Davis Cup, Final
Nadal d. del Potro, 1/6 6/4 6/1 7/6
The final stroke of the 2011 tennis season was a forehand winner by Rafael Nadal, and it won the Davis Cup for Spain. Neither occurrence is especially rare – he has hit over 18,000 forehand winners in his career (probably), and Spain has won this event three of the last four years – and so it seemed mainly noteworthy that they had yet to coincide. Somehow, this is the first time Nadal has ever taken the decisive rubber in a final. It was easily the most remarkable thing to happen this weekend.
Of course, we have grown so inured to the top players winning everything in a straight sets canter that when Juan Martin del Potro galloped to a 6/1 first set, the betting markets lurched. Hope and dread rose sharply in each respective camp. Holding David Nalbandian back for the fifth rubber suddenly seemed like a masterstroke, instead of what it actually was: a colossal shame. Del Potro broke to open the second set, and everyone except the professional tennis players lost their heads. The pros knew that while Nadal hardly ever loses a set on clay, when he does that doesn’t mean he’s at all close to losing the match. He didn’t look especially panicked, and del Potro wasn’t celebrating, since he knew retribution was coming. The second set remained tight, but Nadal broke back, and went on with it. Then in the third he briefly took flight. However, the fourth was all del Potro, until he served for it, and was broken. Nadal served for it, and was broken as well. The tiebreak ensued, and suddenly the towering Argentinian was truly broken, ruinously, not managing a point.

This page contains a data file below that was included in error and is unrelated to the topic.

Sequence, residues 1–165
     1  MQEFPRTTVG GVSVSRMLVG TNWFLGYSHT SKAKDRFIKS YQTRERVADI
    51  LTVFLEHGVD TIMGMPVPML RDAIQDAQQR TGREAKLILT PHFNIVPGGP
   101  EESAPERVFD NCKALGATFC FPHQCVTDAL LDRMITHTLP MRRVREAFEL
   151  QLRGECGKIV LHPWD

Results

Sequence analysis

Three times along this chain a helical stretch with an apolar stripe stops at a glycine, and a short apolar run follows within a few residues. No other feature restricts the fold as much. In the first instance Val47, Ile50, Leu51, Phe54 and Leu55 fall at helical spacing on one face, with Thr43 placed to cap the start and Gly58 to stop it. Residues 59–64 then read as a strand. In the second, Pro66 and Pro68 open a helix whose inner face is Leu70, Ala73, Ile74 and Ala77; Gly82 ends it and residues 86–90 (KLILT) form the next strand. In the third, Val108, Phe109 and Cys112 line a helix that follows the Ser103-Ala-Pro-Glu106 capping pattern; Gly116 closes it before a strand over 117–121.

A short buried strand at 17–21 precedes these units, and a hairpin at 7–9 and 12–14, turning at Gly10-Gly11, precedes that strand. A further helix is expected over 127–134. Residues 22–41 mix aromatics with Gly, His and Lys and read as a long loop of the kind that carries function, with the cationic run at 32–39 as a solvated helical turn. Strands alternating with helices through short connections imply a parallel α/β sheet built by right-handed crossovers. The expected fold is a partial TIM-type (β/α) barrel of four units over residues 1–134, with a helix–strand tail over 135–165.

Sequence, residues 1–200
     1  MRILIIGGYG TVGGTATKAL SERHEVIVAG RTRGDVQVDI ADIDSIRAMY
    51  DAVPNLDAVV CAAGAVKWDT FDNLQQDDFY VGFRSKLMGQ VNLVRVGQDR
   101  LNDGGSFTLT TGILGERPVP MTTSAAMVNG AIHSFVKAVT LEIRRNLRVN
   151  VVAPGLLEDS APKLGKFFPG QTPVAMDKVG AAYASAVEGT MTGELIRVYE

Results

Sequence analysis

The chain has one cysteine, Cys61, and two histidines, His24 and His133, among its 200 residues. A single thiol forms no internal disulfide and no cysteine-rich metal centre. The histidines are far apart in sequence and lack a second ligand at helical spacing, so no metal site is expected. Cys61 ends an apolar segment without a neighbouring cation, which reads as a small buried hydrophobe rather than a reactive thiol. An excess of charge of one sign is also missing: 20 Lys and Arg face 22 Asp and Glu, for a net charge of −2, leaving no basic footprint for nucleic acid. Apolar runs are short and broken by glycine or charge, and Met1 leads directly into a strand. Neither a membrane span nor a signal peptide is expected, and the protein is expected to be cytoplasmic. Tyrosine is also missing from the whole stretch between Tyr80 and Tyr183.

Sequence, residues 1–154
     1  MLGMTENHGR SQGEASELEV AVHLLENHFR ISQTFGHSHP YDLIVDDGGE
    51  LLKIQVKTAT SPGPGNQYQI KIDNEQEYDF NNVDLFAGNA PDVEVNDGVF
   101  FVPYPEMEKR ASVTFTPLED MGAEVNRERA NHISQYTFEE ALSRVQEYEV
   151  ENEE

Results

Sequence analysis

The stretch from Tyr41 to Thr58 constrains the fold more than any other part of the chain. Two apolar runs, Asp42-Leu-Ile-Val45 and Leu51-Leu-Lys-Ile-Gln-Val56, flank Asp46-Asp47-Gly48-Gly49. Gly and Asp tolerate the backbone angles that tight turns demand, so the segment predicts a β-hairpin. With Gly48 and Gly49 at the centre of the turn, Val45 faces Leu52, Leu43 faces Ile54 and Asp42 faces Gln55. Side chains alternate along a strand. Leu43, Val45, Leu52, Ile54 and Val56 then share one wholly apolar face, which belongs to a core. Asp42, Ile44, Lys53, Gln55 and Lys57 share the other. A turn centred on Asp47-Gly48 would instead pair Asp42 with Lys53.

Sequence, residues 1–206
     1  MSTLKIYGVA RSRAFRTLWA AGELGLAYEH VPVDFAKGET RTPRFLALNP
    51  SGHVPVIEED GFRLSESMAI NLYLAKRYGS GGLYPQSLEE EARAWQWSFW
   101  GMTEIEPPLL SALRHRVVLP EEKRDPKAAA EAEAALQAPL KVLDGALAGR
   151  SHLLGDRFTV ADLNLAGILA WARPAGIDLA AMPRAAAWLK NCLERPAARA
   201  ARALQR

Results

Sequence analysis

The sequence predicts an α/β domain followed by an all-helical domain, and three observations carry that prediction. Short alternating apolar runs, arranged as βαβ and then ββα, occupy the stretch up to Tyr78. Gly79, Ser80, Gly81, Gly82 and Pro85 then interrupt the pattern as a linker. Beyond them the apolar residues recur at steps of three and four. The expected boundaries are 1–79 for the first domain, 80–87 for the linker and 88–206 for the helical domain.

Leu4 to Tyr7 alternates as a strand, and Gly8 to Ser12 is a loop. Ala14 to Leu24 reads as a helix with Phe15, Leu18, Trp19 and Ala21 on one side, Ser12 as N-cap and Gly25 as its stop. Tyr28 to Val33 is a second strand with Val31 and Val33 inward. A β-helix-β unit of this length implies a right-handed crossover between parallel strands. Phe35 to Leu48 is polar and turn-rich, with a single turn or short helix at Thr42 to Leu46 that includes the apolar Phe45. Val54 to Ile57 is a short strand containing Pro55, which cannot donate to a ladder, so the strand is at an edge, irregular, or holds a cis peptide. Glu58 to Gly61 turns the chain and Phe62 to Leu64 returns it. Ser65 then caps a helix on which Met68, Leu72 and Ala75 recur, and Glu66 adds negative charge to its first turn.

Del Potro looked forlorn, or in the weary place beyond it. His year had finished precisely as it unfolded: he had returned to place where he could challenge the best, but he could no longer seem to beat them. Nalbandian probably can’t either, but he still looked sorely and sourly unused. The Spanish players were of course delighted, but not excessively so. They’ve been here before. They didn’t shave their heads. Verdasco and Lopez hadn’t the good grace to look sheepish, although it’s important to bear in mind that the Davis Cup is not just about the final. It is a team event played over the whole year, and everyone’s contribution matters. These guys have thus been dead weight for a long time, and it is a measure of Spain’s regal dominance that it hasn’t mattered at all. Indeed, as with all kindly monarchs, we should instead appreciate Spain’s magnanimity in providing a pair of lovable jesters for the halftime entertainment.
But as ever for even the most benign of dictatorships, beneath the veneer of jolly ineptitude lurks the threat of lethal force. Its enforcers are Nadal and Ferrer, who have proved once more that although one good player might win a tie now and again, two great players will put it beyond doubt. Spain is once again the Davis Cup champions, as they should be. On their day, and on their clay, they are without question the finest tennis nation on Earth.